Aspirations, Barriers, and Transfer Opportunities for Latina and Latino Community College Students
- Author(s): Sanchez, Monica
- Advisor(s): Nakanishi, Don T
- Solorzano, Daniel G
- et al.
The majority of California's students seeking higher education are enrolled in a community college and approximately a third are Latino. Yet as the number of Latinos in community colleges has risen, their degree completion and transfer rates lag in comparison to other major ethnic groups.
To investigate the academic aspirations and barriers of community college students, this mixed-methods case study focused on Latinos in a specialized learning community for students entering their first year. This research employed pre and post surveys among approximately 280 students enrolled in a first year learning community at a large urban community college in Southern California. Interviews were conducted with thirty-one students who were enrolled and successfully completed courses in the first year learning community. Additional students were interviewed who had previously been affiliated with the learning community but did not successfully complete their courses and were no longer enrolled. Interviews were also conducted with students who had successfully completed their second year at the community college and were employed in the specialized learning community as a Peer Assistant.
Findings demonstrate that students held greater aspirations to transfer than to complete an Associate or Vocational degree. The majority of participants from all student cohorts expressed aspirations to transfer to a public university. Although the surveys and interviews provided insight into students' aspirations, the cohort of first year students appeared to lack specific knowledge about which academic pathway led to their desired degree or career.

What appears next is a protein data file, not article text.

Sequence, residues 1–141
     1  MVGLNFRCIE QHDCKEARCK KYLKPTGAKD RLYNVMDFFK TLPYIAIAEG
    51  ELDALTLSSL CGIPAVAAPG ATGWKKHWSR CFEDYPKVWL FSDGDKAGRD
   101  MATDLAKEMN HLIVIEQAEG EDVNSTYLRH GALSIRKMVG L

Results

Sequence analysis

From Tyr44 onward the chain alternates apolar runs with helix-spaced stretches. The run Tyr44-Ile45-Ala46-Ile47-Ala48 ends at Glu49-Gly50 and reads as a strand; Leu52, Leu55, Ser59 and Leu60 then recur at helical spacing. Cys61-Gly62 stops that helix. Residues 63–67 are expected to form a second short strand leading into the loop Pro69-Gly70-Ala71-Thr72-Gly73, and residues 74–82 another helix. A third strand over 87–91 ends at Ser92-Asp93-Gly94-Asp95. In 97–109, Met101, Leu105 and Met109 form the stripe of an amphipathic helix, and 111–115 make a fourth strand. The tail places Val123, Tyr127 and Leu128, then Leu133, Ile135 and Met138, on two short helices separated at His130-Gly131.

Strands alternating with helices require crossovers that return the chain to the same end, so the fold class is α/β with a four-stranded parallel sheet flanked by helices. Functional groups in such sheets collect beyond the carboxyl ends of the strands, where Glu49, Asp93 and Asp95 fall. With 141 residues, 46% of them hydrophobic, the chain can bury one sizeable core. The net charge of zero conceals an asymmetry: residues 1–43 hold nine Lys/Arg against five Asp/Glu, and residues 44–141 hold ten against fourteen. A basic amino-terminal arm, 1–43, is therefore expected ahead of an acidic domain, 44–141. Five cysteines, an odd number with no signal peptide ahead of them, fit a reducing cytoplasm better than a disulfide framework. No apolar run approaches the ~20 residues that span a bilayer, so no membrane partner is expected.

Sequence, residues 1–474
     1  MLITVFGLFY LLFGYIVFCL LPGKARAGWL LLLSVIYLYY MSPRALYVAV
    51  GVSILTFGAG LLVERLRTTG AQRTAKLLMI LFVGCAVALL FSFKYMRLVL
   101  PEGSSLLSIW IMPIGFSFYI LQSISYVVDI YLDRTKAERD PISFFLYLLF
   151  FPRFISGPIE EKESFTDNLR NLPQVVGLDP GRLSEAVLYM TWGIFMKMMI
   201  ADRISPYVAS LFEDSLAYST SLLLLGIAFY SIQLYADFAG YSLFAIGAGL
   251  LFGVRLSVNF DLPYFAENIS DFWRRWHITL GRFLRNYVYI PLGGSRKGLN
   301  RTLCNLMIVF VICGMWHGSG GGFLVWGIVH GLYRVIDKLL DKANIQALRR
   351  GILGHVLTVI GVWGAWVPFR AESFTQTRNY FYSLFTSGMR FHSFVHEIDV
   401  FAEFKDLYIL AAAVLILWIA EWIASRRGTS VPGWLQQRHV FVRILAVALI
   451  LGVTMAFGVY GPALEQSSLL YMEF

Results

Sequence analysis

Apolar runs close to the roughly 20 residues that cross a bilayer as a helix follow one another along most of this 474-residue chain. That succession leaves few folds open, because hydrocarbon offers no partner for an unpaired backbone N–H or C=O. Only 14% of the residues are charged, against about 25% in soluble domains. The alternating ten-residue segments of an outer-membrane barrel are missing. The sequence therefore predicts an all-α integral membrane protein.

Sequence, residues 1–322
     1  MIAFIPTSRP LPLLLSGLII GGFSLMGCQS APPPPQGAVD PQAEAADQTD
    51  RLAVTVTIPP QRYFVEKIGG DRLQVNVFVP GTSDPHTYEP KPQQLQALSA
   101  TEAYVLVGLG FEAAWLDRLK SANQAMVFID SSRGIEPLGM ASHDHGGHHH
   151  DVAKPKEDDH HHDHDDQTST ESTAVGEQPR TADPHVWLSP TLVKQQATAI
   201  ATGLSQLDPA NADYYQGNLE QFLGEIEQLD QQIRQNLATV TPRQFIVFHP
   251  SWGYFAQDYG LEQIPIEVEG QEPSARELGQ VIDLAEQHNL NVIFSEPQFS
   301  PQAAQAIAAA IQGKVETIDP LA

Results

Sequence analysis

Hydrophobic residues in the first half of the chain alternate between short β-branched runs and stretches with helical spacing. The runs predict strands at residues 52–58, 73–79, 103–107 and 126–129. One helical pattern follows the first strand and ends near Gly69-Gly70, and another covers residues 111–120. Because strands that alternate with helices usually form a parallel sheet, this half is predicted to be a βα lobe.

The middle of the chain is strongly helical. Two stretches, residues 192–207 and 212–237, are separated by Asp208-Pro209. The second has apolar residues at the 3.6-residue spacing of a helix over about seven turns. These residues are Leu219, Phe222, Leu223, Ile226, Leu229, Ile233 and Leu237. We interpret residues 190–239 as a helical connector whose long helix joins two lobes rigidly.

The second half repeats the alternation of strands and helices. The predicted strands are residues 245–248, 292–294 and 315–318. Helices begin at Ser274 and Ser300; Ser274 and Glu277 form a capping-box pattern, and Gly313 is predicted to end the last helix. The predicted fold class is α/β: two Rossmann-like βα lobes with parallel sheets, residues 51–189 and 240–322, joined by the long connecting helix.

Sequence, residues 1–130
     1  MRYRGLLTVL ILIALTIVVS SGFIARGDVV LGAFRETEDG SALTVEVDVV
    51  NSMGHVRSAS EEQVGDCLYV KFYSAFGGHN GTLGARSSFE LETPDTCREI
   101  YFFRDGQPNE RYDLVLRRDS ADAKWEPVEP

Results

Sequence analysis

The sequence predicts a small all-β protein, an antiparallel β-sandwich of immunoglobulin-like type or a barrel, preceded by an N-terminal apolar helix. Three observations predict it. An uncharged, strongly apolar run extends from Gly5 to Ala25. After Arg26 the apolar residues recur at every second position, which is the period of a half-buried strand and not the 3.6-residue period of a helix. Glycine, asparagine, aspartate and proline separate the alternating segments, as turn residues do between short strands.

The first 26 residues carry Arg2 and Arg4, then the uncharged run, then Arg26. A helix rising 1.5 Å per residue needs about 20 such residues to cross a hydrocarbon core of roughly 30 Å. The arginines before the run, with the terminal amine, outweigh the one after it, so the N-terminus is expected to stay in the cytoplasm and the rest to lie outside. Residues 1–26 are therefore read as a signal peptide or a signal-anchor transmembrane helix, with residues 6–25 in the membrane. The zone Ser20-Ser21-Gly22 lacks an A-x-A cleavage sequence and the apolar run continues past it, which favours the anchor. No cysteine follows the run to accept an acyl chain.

These students all reported complex barriers in balancing financial and personal responsibilities with their academic workload. Students who had participated in the matriculation process and received early academic planning through the learning community programming held more realistic perceived timelines to transfer, highlighting the importance of early access to counselors and academic planning to help students' overcome institutional barriers.
The majority of participants struggled to reach college transferable "gatekeeper" courses, where most students were placed in developmental English and Mathematics courses in their first semester. The study concludes with recommendations for future research and improved practices to address the high aspirations towards transfer and barriers that students face at community colleges.